Furthest Right

Position: anti-censorship


Throughout history, leaders have struggled with censorship. Their reasoning usually fits within the “infection model”: certain words, the ideological equivalent of shouting “fire” (or “shooter,” these days) in a crowded theater, infect people and make them behave in certain ways.

Governments have widely applied this theory. Some attempted to ban rock ‘n’ roll, failing to make the one convincing argument against it which is that dumbed-down music makes dumbed down people even if they are conservatives. Others have used this against right-wing ideas, which throughout history has been its most frequent application because right-wing ideas threaten the easy power arrangement of clueless voters and tyrannical leaders. And yet: clueless voters cannot be infected by what they do not and refuse to understand.

We the modern citizens of our dying Republic can and should agree on a simple idea: censorship on the basis of ideas has no place in our society. Censorship by idea is different than censorship by form, which can refer to things like obscene language, nudity, spam, insults and disturbing images; censorship of idea says that the thoughts contained within a writing or speech are inherently bad.

Anti-censorship means the protection of opinions regarded as “bad” since those considered “good” are rarely under fire by anyone with the influence to stop them. It means protecting minority views so they can be part of the debate. It demands that we put every idea on the table and keep them there, arguing until we find an answer, instead of leaving the debate to an “agree to disagree” resolution.

To further this anti-censorship goal, we can create a legal rule: no corporation or person can experience legal trouble for keeping an employer, renter, buyer or seller who has an unpopular opinion. The same protections that we extend to minorities and women can be extended to those who say what is not popular.

Naturally, this commonsense rule will meet with many objections. After all, it is sane and simple. It also eliminates the ability for people to destroy those with unpopular views and drive them out of the debate, which is a popular ability for those with popular ideas because it allows them to achieve the false impression of universal agreement.

— which would be a lie, and therefore, should not be encouraged.

Under this rule, if Joe Bob makes an off-color joke on camera and twenty thousand internet do-nothings get upset and write to protest, the company employing Joe Bob has no risk coming to it when the emails come in, wailing and gnashing teeth about how Joe Bob is the antichrist.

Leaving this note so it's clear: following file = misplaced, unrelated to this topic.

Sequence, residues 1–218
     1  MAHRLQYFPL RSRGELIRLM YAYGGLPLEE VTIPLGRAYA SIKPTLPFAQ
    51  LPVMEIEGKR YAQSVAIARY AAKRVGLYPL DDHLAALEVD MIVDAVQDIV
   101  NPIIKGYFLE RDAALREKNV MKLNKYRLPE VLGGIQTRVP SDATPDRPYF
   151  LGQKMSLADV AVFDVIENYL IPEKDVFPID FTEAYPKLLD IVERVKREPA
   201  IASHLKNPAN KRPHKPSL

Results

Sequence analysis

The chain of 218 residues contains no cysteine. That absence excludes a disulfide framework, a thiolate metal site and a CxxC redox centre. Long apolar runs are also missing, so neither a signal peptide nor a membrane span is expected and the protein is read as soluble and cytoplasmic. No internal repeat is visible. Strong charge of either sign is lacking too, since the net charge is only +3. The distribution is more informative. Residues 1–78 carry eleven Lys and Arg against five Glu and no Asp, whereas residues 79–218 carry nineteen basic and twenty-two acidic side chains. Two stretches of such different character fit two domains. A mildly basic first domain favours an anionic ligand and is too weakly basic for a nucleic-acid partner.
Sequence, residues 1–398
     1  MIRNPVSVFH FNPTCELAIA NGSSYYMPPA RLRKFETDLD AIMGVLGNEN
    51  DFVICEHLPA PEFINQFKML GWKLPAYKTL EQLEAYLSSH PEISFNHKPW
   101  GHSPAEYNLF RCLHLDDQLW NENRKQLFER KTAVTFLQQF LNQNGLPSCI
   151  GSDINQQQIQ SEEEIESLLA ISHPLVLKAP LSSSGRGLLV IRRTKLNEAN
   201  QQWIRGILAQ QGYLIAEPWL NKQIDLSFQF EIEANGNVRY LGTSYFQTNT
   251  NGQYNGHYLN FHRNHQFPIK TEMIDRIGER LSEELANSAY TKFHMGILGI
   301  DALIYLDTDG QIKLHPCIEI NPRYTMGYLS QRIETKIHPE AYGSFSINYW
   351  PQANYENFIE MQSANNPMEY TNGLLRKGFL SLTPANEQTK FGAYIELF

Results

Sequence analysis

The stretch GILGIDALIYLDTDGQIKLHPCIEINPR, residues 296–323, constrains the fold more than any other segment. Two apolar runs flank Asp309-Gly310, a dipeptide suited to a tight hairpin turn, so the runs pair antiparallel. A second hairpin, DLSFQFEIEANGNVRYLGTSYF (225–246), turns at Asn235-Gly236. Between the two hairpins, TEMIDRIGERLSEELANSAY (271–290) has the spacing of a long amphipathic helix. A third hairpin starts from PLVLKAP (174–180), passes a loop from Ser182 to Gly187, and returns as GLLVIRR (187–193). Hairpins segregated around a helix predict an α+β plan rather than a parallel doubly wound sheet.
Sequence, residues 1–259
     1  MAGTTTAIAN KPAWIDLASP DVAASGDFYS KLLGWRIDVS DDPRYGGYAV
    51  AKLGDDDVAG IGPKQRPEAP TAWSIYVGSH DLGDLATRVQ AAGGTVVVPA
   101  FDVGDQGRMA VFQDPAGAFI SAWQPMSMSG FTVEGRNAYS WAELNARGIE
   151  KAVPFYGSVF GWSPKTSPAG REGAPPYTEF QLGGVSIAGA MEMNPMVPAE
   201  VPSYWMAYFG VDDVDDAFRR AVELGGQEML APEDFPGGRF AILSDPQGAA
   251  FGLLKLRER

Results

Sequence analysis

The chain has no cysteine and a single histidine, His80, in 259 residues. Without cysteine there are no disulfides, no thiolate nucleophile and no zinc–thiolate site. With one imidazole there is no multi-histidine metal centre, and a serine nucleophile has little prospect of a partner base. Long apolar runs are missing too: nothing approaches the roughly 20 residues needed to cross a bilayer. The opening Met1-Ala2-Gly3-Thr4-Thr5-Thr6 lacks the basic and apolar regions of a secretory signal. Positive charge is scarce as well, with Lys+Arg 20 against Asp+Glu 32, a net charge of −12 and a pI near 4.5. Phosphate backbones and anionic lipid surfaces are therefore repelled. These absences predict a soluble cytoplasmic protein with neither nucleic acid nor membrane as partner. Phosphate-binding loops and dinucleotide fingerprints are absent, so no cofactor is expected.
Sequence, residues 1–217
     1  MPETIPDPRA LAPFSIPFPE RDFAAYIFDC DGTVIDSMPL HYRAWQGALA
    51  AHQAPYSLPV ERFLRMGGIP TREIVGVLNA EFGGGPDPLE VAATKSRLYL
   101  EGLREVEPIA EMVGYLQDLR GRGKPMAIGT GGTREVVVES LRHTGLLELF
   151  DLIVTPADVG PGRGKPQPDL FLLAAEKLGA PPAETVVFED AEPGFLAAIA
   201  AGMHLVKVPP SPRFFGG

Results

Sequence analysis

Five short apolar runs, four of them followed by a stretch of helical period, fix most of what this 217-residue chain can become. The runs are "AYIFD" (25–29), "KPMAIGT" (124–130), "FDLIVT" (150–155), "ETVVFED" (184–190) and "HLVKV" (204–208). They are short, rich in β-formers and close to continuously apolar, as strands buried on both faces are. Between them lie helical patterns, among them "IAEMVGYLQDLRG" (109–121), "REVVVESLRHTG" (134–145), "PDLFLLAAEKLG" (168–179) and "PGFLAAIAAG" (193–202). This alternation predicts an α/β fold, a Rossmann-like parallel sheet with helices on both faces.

If Billy Wayne plays guitar in a rock band that puts out some song that got the nannies and curmudgeons all fired up with hatred, his employer can say, “Er, he’s protected. We can’t fire him. And we don’t need to, since no one can sue us for keeping him employed.”

This will incense the armchair outrage junkies of the world, but in all of recorded history, these people have contributed nothing but making a mockery of whatever beliefs they profess to espouse. In actuality, they are less about belief than they are about feeling self-righteously smug about how wrong someone else is, and that, too, is a lie.

We should put “trigger warnings” on every library, debate hall, university, school and bookstore. We should have public events where a giant gong rings and the loudest-voice pizza cook (if you’ve ever waited for a pick-up order, you know of what I speak) screams out TRIGGER WARNING at full volume before the debate.

But we should not censure those who speak what they feel to be the truth, so long as there is an idea there.

The Joe McCarthys of the world, who compile lists of people involved with political movements and publicize them, are not a threat. But the censorious students and angry armchair activists are, because they force a limiting of debate, which by removing ideas from the table forces resolution in the opposite direction.

The Founding Fathers in the USA formalized a rule in the First Amendment that protected speech. This only works in a society where each politically active person is a farmer who is self-employed, but as our economy has contracted, our amendments have not caught up. We need employment protection for those with unpopular speech.

If any speak in opposition to this, we should ask why they want speech limited, since it must serve their ends. Inevitably we will find that they want for whatever witless trend or fascination is passing through people’s heads at that moment become the rule for all time, and they fear those who fracture the image of uniformity by dissenting.

As far as the “think of the children” brigade and others go, we should tell them that there is no God-given right to plunk your kids in front of the television and not have it fill their heads with junk. That is the purpose of television: distraction, entertainment and illusion. They will have to protect their own children, as always has been apparent.

Our society needs to decide whether it wants to be effective or “safe.” The answer is that life is not safe, nor has ever been nor ever will be. We need to be a society of ideas where we can understand different arguments and find answers without twitching in fear for our lives thanks to the complaints of the unsatisfied and controlling.

That this is even controversial shows us in what perilous times we live.

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